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My Little Sister is Jealous of Me

06 October, 2017
Q As-Salamu Aleikom. I feel that one of my sisters is jealous of the deeds I do to our father/mother and that she imitates me. Should I give space to my sister to do this good deed instead of me to prevent competing with her in these matters? Will I get the same reward as I would get if I kept on doing these good deeds myself? Or should I keep doing these deeds myself and ask her not to intervene? I don't want my mother to get upset, nor do I want to have an unhealthy relationship with my sister. What is the best thing to do from an Islamic perspective? Jazaak Allahu khairan.



As-Salamu ‘Alaykum sister,

Thank you for your most important question. You seem very concerned with keeping harmonious relationships within your family, especially with your sister. May Allah (SWT) bless you for your efforts and kindness.

While often siblings compete with each other, it is not always a healthy or nice way to be if it is done out of jealousy or otherwise bad intentions. Islam allows competition in goodness. Islam allows that people try to excel and do things better, but without getting involved in hatred and jealousy and without wishing bad things for others. Regarding your sister, it could be that she feels inadequate as a daughter, or perhaps she feels she is not doing enough. She may be modeling your behavior towards your parents in regards to deeds because possibly she does not know what other deeds to do. She could also feel that your parents love you more for the kind things that you do, thus she may seek that same love and recognition you may be getting.

This is a tender situation and I would advice that in sha’ Allah you show mercy and patience with your sister. Want for your sister what you want for yourself. Perhaps taking her out for lunch or to do something fun together will help make her feel more valued as a family member and as your sister. It is my feeling, and I could be wrong, that she looks up to you and is trying to find her place within the family as well as in the context of being of help to your parents.

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I would suggest In sha’ Allah that you let her take over some of the deeds you have been doing. Not only will it make her feel needed, but it will also bring joy to your parents to see both their daughter helping them in kind ways.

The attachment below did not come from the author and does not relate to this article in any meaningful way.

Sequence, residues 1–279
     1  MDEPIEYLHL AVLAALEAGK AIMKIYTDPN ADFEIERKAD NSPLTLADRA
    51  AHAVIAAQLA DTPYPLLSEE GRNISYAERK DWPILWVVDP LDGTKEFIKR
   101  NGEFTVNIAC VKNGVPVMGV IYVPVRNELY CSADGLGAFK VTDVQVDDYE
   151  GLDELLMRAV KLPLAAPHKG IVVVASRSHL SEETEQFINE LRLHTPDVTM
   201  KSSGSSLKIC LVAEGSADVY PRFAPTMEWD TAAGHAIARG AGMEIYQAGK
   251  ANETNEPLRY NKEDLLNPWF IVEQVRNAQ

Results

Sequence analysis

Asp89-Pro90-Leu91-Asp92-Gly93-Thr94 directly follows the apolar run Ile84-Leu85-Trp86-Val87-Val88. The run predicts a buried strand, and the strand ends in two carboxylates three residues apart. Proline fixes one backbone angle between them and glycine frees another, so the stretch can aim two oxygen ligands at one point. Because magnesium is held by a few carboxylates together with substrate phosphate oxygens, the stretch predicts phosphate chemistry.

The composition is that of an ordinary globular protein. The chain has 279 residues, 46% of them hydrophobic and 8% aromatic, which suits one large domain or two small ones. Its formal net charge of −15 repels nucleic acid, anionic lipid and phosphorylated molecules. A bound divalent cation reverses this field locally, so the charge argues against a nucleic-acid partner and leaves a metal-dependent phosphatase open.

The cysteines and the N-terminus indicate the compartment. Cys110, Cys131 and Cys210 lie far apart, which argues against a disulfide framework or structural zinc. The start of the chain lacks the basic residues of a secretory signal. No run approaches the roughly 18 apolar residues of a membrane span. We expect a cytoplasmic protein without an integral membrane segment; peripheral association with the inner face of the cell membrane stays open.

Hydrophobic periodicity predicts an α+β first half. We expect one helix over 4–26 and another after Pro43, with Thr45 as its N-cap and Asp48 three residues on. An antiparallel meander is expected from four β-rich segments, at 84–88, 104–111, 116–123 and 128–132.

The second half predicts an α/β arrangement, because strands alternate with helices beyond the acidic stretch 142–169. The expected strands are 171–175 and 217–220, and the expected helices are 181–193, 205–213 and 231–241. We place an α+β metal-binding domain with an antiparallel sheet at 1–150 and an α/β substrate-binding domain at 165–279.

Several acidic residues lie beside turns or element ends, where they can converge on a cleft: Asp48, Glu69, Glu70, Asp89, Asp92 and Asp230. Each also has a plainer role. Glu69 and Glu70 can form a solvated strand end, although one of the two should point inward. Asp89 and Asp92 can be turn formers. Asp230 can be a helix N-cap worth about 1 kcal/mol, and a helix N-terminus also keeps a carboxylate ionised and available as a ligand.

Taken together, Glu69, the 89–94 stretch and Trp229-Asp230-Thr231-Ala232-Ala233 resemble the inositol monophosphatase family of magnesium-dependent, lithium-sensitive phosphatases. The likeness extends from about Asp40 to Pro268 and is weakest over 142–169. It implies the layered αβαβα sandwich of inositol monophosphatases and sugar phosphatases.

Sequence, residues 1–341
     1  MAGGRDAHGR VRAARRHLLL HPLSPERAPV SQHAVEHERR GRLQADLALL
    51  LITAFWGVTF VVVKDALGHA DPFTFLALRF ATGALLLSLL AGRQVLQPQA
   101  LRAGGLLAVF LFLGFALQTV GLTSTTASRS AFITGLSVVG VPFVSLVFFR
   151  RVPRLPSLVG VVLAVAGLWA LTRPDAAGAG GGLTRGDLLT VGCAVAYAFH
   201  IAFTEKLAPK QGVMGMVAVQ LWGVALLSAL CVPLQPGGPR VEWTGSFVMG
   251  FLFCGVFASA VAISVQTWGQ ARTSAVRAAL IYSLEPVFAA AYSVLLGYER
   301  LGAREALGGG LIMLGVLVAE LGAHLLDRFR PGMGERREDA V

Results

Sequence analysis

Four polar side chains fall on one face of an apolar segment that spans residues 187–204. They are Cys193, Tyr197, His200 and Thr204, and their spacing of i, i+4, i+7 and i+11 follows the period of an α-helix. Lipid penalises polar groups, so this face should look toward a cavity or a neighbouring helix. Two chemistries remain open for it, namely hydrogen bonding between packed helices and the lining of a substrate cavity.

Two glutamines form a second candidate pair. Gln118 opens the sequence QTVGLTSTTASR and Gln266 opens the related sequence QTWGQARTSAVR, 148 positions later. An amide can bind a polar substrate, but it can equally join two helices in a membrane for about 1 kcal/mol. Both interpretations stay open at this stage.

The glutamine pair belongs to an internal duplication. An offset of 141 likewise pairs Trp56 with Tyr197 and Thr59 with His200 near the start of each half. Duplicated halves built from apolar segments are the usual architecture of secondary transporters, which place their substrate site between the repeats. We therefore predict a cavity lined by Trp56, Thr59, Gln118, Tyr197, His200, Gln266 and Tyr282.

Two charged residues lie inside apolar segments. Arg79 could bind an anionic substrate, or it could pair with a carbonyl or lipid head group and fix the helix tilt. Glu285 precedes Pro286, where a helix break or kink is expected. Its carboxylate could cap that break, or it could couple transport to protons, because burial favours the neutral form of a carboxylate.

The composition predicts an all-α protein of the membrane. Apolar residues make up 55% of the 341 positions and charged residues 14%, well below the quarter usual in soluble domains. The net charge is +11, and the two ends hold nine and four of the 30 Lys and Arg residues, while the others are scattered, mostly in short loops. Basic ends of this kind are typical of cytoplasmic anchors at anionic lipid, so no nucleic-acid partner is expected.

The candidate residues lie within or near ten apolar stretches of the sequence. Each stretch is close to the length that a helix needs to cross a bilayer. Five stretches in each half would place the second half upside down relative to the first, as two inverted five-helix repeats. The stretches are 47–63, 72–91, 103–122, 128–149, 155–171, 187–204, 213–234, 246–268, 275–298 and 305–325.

As far as you getting the “same rewards” if you stop doing some deeds and let your sister do them, you need to ask yourself: are you doing all these deeds for the rewards, or are you doing these deeds out of love because you truly want to help your parents? Good deeds done with sincerity and for the sake of Allah no doubt bring rewards. Good deeds will be rewarded ten to seven hundred times over”. Certainly, we want to do good deeds for our parents because we love them and we owe them our lives as they cared for us, and it is our Islamic duty.

However, good deeds can even be smiling at someone, helping one in need and so forth. With this in mind, is it a good deed to step back and encourage your sister to do good deeds for your parents as well. Doing good deeds should not be a competition wherein one feels they must “out deed” the other in order to get rewards. In these cases, the good deeds may be negated. Allah knows best.

We wish you the best; you are in our prayers.


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About Aisha Mohammad
Aisha has a PhD in psychology, an MS in public health and a PsyD. Aisha worked as a Counselor/Psychologist for 12 years at Geneva B. Scruggs Community Health Care Center in New York. She has worked with clients with mental health issues such as anxiety, depression, panic disorder, trauma, and OCD. She also facilitated support groups and provided specialized services for victims of domestic violence, HIV positive individuals, as well youth/teen issues. Aisha is certified in Mindfulness, Trauma Informed Care, Behavioral Management, Restorative Justice/ Healing Circles, Conflict Resolution, Mediation, and Confidentiality & Security. Aisha is also a Certified Life Coach, and Relationship Workshop facilitator. Aisha has a part-time Life Coaching practice in which she integrates the educational concepts of stress reduction, mindfulness, introspection, empowerment, self love and acceptance and spirituality to create a holistic healing journey for clients. Aisha is also a part of several organizations that advocates for prisoner rights/reentry, social & food justice, as well as advocating for an end to oppression & racism. In her spare time, Aisha enjoys her family, photography, nature, martial arts classes, Islamic studies, volunteering/charity work, as well as working on her book and spoken word projects.